Zen, a Venetian working miles from home, is, like many of Dibdin's central characters, a misfit and an outsider. It's something Dibdin has perhaps felt all his life. From the age of seven he lived as an expat English schoolboy in Ulster where his father, a physics teacher, had settled after years of moving around. He read English at Sussex University, then went to Canada to do a postgraduate degree. (It included a course on Blake's later epics.) He also experienced the hippie lifestyle which is tellingly recreated in Dark Spectre.

"It was very important to me - a second childhood after a strait-laced upbringing. There were lots of good things about Ireland but not large amounts of teenage fun. So when I came to Canada and the States in my twenties, I embraced all that." Embraced it so much he was thrown off his PhD course. The next few years included a spell as the Acme Painting and Decorating Company. Then, in the mid-Seventies, he came back to London with his first wife, Benita, and their daughter Moselle.

He had been writing since university, working on a big unpublishable novels about Life. In London, he chucked literature in favour of a clever idea about Sherlock Holmes and Jack the Ripper. He wrote the pastiche in six months and it was published in 1978 to critical and popular acclaim. It also attracted a good deal of mail. "I got extraordinary letters from serial-murder fanatics: 'Wonderful book, why don't you do one now on the Lubeck murders - or, of course, on my good self' - that at least was the implication."

In 1979, his wife left him and took their daughter back to Canada. The next year Dibdin went to Perugia to teach English at the university. He began work on a second pastiche, A Rich Full Death, about the detective work of the poet Browning in Florence. He found expat life was becoming "a pastiche experience". It's unreal in a very attractive way. At parties you are an object of interest just because you're English."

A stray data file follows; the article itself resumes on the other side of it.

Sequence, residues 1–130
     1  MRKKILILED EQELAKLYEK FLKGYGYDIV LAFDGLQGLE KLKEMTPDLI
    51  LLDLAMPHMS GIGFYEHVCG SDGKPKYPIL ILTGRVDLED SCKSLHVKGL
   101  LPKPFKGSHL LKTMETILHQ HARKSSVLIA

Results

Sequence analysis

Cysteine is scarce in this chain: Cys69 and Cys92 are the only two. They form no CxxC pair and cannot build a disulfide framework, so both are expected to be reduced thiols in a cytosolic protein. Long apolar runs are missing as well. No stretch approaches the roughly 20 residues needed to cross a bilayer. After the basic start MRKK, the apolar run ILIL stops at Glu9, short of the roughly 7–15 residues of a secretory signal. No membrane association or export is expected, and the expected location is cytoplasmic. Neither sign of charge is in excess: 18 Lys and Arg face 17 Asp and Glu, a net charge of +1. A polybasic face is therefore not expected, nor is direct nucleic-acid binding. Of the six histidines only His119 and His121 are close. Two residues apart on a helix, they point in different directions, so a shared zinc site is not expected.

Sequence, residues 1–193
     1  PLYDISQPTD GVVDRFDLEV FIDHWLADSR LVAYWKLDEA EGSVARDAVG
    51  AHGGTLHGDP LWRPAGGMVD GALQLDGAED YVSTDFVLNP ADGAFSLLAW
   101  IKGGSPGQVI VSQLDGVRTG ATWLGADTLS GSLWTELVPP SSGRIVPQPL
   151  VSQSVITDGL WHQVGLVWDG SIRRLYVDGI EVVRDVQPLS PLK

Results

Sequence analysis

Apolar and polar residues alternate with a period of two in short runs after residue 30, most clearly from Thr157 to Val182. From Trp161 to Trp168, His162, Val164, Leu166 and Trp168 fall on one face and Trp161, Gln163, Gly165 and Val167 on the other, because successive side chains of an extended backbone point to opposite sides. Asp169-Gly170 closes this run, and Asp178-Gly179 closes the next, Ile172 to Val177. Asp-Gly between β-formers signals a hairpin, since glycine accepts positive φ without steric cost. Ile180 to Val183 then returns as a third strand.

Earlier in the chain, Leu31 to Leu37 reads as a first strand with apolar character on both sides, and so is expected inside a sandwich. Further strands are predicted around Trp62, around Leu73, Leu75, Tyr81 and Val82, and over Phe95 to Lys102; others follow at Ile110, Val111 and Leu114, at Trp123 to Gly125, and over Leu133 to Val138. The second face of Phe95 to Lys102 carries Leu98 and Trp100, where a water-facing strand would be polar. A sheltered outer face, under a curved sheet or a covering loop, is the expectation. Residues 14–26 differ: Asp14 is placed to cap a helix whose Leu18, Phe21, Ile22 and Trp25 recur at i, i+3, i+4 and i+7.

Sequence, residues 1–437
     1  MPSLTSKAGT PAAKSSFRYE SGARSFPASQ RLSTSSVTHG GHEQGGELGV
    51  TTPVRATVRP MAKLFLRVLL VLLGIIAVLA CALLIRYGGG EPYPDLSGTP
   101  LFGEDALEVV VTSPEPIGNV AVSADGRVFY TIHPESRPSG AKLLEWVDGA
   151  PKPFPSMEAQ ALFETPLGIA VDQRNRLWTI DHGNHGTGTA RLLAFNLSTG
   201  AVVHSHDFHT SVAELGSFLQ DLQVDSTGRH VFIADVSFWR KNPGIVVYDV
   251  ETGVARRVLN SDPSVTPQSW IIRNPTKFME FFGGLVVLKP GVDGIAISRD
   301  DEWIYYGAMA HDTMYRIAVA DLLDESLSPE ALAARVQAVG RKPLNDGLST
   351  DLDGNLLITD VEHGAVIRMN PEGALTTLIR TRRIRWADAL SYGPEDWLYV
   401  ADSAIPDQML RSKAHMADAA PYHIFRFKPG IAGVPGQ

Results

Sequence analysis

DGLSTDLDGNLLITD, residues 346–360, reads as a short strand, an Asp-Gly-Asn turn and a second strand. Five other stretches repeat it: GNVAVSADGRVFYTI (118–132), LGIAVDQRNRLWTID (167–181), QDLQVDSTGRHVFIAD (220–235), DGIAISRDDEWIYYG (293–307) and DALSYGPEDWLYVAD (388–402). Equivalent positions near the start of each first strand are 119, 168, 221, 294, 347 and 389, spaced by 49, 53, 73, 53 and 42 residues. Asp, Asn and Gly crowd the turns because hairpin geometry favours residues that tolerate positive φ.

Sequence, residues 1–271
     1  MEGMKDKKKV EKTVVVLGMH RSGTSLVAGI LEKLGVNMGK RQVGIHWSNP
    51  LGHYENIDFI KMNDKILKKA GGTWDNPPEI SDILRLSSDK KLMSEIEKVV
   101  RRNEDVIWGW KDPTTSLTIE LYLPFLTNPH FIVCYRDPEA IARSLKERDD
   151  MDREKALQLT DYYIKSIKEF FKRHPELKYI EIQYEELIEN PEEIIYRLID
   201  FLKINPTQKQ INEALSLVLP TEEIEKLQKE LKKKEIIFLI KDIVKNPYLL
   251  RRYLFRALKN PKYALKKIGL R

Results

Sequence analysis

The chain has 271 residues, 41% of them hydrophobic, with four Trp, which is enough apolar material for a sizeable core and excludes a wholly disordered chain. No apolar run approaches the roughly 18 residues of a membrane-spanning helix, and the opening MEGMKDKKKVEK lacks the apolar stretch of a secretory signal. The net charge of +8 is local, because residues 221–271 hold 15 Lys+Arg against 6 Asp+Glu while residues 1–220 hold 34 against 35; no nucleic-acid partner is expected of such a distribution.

In 1984 he came back to England with his second wife, Sybil, and immediately began to write about Perugia and the corruption endemic in Italian society. Ratking, the first Aurelio Zen novel, won the 1988 Gold Dagger Award. Dibdin had never intended there should be a second Zen novel. "My agent, Pat Kavanagh, wanted 50 pages trimmed. She said, 'You don't need to put in every insight you've ever had about Italy. You can always write another book.' Zen was meant to be an enabling figure, a faceless nothing, but when I decided to write the sequel - Vendetta (1990) - I had to put more flesh on the bones."

Since then Dibdin, who claims he is "fanatically lazy", has been writing one novel a year while reviewing regularly for the Independent on Sunday and the Boston Globe. He is impatient for Dark Spectre's publication, since he thinks it the most commercial thing he's done. Some of his quirkier novels - The Tryst and Dying of the Light - have been too "odd" for his readers, especially in the States. "A lot of people just don't get them," he says. "But what I'm happiest about is that I've never repeated myself. Even with the Zen series, I try to make each one slightly different."